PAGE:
Chisomo Kalinga is an academic, editor and writer based in Blantyre, Malawi. She received her PhD in English literature from King’s College London (2014) after completing a cross-cultural review of responses to the AIDS epidemic produced by Malawian and New York City-based writers. Most recently, she was a postdoctoral fellow at IASH where she conducted archival research on the writings of the first medical missionaries from the Church of Scotland to settle in the Nyasaland Protectorate (Malawi). Her primary research interest is the medical humanities–particularly artistic and literary representations of illness, healing and witchcraft in African health narratives. She is currently writing a book about the literary response to the AIDS epidemic in sub-Saharan Africa.
The late South African pop singer, Brenda Fassie (3 November 1964 – 9 May 2004) was affectionately titled ‘Mabrrr’ by her fans and proclaimed by Time magazine as the ‘Madonna of the Townships’. Her outspoken, brazen and rebellious personality garnered unparalleled notoriety across Africa. She has long reigned supreme in my memory as the embodiment of the ultimate African diva (and you need only do a quick image search to see the variety of personas she inhabited).
On stage, she played the muse; her voice was pure and her dancing, particularly when she wore traditional beaded Zulu-inspired miniskirts, was playful, vivacious and entrancing. In her personal life, her indulgence and bacchanalian exploits were well documented in the media. Her drug and alcohol abuse also drew comparisons to other fallen idols as Vice magazine branded her the ‘African Edith Piaf’. She neither hid her addictions from the public nor did she retreat from inquisitions into her tumultuous relationships with both men and women lovers, which played out in the tabloids for most of her two-decade career. 
By traditional and conservative African standards, she was by all means not a ‘good girl’.
The full force of her provocativeness only made her superstardom across the continent even more enigmatic. This is taking into account the double standard that embraces the same level of self-destructiveness from male artists as a nuance that compliments their creative genius. And yet despite her over-the-top and out-of-control diva personality, she was respected by her contemporaries throughout Africa and transcended the standard of success for black women set by her dignified elders such as singers Dixie Kwankwa, Dorothy Masuka and Miriam Makeba.
On the one hand, her popularity was justly gained through her presentation of powerful ballads about injustice such as Black President (1990), a call to arms for the release of the then incarcerated, Nelson Mandela, which became an international hit and a rallying cry against apartheid. In Sum’bulala (Please Don’t Kill Her/Him) (1997), she pleaded with South African taxi drivers to end escalating violence amongst rival operators in townships.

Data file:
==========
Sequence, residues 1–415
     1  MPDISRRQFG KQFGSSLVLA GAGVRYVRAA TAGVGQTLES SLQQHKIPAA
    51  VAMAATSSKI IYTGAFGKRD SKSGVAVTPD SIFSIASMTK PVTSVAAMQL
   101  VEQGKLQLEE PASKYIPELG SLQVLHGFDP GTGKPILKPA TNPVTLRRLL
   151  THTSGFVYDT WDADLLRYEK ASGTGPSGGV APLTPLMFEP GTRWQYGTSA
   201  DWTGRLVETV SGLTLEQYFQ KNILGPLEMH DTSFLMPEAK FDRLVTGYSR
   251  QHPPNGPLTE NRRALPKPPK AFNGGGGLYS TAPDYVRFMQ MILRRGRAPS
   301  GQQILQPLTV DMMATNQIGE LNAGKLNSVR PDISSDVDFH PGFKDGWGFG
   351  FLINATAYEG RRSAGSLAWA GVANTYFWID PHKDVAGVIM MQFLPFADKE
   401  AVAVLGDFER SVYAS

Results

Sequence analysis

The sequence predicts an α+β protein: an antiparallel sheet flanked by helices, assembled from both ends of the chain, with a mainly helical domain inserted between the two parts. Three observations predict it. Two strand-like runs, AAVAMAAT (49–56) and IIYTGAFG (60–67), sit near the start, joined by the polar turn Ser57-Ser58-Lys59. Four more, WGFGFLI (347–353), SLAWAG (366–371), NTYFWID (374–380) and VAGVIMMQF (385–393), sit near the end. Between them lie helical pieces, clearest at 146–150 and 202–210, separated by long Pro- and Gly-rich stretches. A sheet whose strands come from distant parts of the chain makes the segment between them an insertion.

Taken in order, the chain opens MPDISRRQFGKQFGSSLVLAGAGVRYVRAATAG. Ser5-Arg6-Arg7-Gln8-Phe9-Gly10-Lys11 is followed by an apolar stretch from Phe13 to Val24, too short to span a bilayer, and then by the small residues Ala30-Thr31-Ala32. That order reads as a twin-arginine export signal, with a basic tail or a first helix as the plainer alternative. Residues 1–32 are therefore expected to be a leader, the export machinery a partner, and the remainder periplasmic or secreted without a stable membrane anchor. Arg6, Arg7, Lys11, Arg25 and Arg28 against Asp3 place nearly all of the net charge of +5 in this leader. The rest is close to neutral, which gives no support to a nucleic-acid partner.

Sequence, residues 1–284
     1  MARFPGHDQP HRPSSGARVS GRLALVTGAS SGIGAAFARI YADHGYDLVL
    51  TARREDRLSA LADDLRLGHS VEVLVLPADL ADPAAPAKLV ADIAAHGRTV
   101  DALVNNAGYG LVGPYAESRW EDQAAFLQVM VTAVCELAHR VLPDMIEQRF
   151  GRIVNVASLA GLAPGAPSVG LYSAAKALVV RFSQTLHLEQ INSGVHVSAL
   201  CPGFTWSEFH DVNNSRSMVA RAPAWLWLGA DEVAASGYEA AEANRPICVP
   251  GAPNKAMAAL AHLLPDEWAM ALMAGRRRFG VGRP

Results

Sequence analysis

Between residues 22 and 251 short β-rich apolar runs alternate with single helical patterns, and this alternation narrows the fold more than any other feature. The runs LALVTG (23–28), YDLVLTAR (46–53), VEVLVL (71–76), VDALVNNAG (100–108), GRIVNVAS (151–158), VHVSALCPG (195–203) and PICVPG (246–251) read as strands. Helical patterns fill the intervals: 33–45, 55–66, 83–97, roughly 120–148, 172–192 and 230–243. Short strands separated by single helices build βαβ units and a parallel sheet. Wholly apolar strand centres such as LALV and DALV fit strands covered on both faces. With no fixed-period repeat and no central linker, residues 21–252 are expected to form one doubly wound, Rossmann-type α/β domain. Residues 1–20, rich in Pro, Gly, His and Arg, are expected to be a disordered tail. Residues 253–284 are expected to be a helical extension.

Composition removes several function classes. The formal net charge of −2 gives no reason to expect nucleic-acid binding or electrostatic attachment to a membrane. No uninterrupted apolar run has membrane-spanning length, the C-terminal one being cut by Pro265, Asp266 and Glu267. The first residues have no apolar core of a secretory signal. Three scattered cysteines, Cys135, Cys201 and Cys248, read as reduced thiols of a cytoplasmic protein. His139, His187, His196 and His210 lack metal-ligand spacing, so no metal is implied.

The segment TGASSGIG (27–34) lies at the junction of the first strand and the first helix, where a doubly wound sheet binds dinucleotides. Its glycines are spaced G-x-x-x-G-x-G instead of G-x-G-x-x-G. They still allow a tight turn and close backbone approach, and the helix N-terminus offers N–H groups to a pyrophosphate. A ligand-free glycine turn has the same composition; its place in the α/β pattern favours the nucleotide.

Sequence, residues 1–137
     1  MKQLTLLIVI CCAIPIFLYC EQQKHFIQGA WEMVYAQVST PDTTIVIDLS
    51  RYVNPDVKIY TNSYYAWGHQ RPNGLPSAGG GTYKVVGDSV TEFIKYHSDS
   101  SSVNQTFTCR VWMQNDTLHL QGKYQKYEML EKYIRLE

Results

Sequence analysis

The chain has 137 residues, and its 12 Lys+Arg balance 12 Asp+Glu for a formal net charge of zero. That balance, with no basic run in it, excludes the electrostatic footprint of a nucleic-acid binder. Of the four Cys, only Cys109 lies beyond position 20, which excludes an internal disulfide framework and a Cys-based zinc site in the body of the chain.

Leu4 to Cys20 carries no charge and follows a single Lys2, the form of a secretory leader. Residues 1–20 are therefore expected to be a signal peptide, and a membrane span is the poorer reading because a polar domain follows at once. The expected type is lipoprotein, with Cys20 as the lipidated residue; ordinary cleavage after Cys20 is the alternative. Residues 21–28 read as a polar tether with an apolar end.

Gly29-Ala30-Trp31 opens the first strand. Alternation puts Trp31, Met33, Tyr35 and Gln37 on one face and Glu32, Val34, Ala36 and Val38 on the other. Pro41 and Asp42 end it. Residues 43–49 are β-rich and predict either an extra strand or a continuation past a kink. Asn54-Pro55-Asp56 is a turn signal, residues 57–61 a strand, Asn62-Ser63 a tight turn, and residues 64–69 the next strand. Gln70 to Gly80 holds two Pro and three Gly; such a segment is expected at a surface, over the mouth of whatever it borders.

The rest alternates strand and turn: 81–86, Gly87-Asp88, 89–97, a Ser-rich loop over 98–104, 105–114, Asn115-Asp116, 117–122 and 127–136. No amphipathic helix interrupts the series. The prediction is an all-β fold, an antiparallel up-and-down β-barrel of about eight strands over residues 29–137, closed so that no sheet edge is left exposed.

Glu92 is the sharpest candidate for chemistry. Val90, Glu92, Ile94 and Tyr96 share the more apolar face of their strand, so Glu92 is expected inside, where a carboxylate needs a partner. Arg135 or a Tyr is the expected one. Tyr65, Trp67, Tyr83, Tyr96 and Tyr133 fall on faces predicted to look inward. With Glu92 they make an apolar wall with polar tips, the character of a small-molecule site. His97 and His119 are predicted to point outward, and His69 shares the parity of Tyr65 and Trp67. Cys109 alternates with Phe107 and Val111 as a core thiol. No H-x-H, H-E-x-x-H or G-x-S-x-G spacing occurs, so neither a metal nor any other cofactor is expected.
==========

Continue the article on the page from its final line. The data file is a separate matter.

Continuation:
On the other hand, it was her carefree stage persona as evidenced in a 2001 performance of her best-selling, upbeat wedding song Vuli’ndlela (Open the Gates) (1997) that embodied everything that the public loved about Brenda. 
She pranced barefoot in a short dress, jumped in the air, landing in the splits position with her underpants exposed in the presence of Nobel Peace Prize Laureate and then President of the Republic of South Africa, Nelson Mandela. Every audacious move was met with cheers of support. Moments later, she leaped offstage and danced her way towards his table, first into the arms of his wife, Graça Machel, and then his. She pulled him away from his table and coquettishly pleaded with him to sing with her: ‘Madiba… please, sing! Please, please!’ He offered one abrupt syllable into her microphone before giving up. Her message was clear. At that moment, she, and only she, was in charge. And she had won him and the entire audience over.
Perhaps few outside the African continent are familiar with her legacy as a singer, a cultural icon and an outrageous success story to rise from the segregated townships of Cape Town. When IASH introduced the Dangerous Women Project and called for essays reflecting upon the question ‘what does it mean to be a dangerous woman’, I felt compelled to share Brenda’s story within the context of the black Jezebel narrative and stereotypes of black female sexuality that should have hindered her rise to fame.
Brenda was known as the ‘bad girl’ whose music even gogos (grandmothers) liked to dance to. Her success was in part defined by an unapologetic command of her sexuality both on and off stage. She was a libertine and l’enfant terrible, yet she strategically confronted the Jezebel stereotype by challenging racial binaries and heterosexist patriarchies that sustained this narrative within the South African apartheid social construct. Her celebration of South African traditions in her image and sound created an important space for deconstructing black female autonomy.
Despite the turbulence that affected her personal relationships, her fame and popularity were buoyed by her fans’ acceptance of her narrative of empowerment against detrimental interpretations of black identity promoted by the apartheid regime. From the late 90s onwards, she abandoned singing in English altogether in favour of Sotho, Xhosa and Zulu. On stage and in her videos, she adorned herself in personalized traditional costumes reflecting the versatility of South Africa’s indigenous textile cultures. Her music, which was first infused with Western pop sounds, soon adopted the local kwaito beats, a late 20th century African aesthetic that emanated from South African townships.